Instabilities in Russian Corporate Enterprise Balances

CEIC Russia Data Talk: While Russias economic downturn in 2008 had a far-reaching impact on the economy at large, the effects of the crisis were not necessarily uniformly distributed. Despite heavy losses reported by many Russian firms for that year, the average industry trading results never strayed into the red. Companies in certain sectors even saw respectable profitability. Across the country as a whole, large and medium-sized enterprises suffered a dip in end-of-year profit-loss balances from RUB5.7 trillion in 2007 to RUB4 trillion in 2008. The bulk of the decline was caused by heavy losses in the wholesale and retail trade sector; its total end-of-year balance almost halved to RUB550 billion from RUB1.01 trillion during the same period. The financial intermediation sector in particular, among other small industries which suffered losses, saw a negative balance of RUB406 billion in 2008 from a positive balance of RUB233 billion during the previous year, effectively nullifying positive balances observed in other smaller industries including the agricultural, construction and other personal services. While other major sectors continued to report positive balances overall, these balances declined considerably with that of the real estate sector declining by as much as 61% during 2008. On the other hand, the mining and quarrying sector and the manufacturing sector remained relatively resilient during the 2008 downturn, each losing a mere fraction of their 2007 balances. This was primarily due to the lagged impact of external shocks to profit returns in these sectors. The longer production and processing time and the distributed nature of expenses in relation to the price changes caused the manufacturing sector’s collapse in the following year, from RUB1.7 trillion in 2008 to RUB970 billion in 2009. Taken in perspective, the overall trend of the Russian economy has been improving, judging by the trends in profitability of large and medium-size enterprises. Even during 2008 (at the height of the crisis) the corporate enterprise balance reached RUB4 trillion, which was still higher than the RUB3.8 trillion recorded for 2006. While the past three years are an indication of stable growth (as by the end of 2012 the balance reached RUB7.7 trillion), the fluctuations in profitability of individual sectors vary. For example, the real estate sector does not display a discerning trend. In 2005 it lost a quarter of its 2004 balance level to reach RUB128 billion. A sharp collapse of two thirds of its size followed in 2008. These movements, however, did not prove to be an effective forecast of the real estate profitability upsurge to RUB366 billion in 2010, and the increase of more than 50% in the sector’s profit-loss balance in 2012. For the most part, the core of the country-wide financial results is shaped by the wholesale and retail trade, transport and communications, and manufacturing sectors. They are the largest in terms of fixed assets, comprising 60% of the total fixed asset volume in the country, as of the first quarter of 2013. The next largest is the mining and quarrying sector with average fixed assets totalling RUB4.4 trillion, equivalent to 14% of the total volume. Since the variance in this sector’s total profit balance is more subdued, however, it usually contributes more to the systemic spikes rather than the lasting upturns or downturns. Since the overall economic state of the country is dictated mostly by its largest sectors, it is not always indicative of the situation in specific smaller sectors of the Russian economy. Their dynamic movements usually cancel each other out in the overall balance. Therefore, a more in-depth analysis is always required before making a conclusion on the trends in Russian enterprise profitability. Discuss this post and many other topics in our LinkedIn Group (you must be a LinkedIn member to participate). Request a Free Trial Subscription. By Ivan Kostin - CEIC Analyst Back to Blog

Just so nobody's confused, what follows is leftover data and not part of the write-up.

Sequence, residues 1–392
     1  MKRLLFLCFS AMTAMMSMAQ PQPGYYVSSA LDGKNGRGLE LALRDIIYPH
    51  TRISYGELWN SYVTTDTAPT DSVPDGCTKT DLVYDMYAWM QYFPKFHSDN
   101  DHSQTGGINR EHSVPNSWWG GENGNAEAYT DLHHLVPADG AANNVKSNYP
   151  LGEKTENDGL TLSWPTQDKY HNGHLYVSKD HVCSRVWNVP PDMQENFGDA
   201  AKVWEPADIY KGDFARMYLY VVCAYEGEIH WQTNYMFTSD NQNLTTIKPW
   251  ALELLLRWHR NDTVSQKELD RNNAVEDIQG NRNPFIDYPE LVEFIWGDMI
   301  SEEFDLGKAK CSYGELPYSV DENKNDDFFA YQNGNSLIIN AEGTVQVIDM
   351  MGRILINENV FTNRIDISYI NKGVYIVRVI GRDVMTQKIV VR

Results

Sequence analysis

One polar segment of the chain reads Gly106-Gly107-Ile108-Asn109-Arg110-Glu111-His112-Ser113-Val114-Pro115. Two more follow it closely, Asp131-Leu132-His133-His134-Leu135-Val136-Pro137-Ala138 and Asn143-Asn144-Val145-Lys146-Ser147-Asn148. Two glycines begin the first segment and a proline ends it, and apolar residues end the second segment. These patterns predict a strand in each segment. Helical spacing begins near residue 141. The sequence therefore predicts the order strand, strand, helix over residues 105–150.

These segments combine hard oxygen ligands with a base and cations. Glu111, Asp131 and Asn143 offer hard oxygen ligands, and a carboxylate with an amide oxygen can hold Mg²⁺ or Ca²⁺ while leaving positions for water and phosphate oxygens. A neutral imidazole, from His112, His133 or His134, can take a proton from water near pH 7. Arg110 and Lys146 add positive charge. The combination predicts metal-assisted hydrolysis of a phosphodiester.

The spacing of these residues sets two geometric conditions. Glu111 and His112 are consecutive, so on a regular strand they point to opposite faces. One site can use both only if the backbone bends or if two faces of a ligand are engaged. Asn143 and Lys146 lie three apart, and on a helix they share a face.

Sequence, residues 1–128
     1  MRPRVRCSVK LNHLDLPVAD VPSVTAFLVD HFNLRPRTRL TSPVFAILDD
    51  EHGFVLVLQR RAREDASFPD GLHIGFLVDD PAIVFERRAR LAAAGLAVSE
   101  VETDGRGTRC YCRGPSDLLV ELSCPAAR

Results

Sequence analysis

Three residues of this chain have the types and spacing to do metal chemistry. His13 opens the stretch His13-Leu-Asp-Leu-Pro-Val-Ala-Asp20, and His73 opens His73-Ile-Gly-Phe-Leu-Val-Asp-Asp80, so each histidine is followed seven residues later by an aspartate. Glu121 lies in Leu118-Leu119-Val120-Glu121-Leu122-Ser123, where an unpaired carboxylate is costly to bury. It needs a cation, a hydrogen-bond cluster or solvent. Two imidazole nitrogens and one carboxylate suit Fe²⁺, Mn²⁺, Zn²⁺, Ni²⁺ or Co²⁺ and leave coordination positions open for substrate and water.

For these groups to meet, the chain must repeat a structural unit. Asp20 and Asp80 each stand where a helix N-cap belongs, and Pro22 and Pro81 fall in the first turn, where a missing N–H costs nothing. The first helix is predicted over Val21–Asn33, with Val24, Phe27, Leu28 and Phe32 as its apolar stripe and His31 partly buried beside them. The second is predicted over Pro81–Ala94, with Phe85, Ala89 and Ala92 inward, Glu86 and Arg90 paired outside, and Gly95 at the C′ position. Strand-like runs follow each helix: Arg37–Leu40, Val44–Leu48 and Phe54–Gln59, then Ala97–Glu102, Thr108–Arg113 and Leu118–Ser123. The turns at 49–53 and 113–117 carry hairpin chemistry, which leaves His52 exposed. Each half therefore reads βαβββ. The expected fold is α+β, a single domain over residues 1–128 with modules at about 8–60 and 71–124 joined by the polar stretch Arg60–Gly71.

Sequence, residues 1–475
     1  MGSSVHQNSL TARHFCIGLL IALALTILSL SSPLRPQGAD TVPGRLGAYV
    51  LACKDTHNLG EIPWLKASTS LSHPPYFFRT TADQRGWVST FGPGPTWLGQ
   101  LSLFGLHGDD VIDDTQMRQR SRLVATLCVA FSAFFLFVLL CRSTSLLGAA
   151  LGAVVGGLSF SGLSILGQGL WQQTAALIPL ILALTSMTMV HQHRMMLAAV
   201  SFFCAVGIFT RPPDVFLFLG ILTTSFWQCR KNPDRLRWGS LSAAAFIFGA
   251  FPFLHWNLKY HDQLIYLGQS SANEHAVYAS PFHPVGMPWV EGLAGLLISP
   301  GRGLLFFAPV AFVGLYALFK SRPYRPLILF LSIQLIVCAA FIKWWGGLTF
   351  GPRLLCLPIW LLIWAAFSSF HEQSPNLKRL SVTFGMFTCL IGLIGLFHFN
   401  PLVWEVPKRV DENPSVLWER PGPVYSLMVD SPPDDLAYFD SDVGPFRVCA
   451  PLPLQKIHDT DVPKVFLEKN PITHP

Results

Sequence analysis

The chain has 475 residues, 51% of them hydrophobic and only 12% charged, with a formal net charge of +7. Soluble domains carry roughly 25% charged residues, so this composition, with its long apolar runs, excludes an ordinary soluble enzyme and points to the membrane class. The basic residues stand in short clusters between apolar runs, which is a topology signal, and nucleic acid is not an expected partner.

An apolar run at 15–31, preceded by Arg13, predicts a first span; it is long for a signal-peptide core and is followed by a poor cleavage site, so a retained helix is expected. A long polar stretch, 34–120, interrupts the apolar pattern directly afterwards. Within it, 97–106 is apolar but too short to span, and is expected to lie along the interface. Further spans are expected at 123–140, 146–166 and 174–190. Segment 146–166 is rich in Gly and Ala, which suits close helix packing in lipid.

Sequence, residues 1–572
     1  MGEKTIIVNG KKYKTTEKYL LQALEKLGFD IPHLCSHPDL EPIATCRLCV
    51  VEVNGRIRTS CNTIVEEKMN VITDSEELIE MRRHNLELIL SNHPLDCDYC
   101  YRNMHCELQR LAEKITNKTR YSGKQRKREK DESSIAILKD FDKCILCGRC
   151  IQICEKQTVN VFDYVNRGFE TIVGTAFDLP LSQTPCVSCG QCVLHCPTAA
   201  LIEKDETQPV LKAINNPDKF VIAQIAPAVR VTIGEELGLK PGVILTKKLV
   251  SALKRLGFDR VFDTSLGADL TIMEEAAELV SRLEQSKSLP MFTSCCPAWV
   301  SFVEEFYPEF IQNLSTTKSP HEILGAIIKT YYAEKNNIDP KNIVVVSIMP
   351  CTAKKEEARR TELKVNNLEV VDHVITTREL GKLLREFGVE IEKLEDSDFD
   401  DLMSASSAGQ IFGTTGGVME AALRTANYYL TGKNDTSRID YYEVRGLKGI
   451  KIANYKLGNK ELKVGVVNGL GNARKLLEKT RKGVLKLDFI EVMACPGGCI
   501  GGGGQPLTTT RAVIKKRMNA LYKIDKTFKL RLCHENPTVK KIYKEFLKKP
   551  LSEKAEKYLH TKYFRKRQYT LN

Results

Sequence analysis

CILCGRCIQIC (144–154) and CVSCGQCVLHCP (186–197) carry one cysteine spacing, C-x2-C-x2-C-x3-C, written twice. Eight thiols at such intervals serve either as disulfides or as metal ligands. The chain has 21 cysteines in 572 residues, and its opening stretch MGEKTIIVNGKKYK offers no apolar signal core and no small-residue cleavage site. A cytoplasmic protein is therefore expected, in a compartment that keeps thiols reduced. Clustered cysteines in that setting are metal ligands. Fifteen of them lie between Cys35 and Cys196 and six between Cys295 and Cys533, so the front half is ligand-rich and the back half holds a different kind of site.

26th July 2013 Instabilities in Russian Corporate Enterprise Balances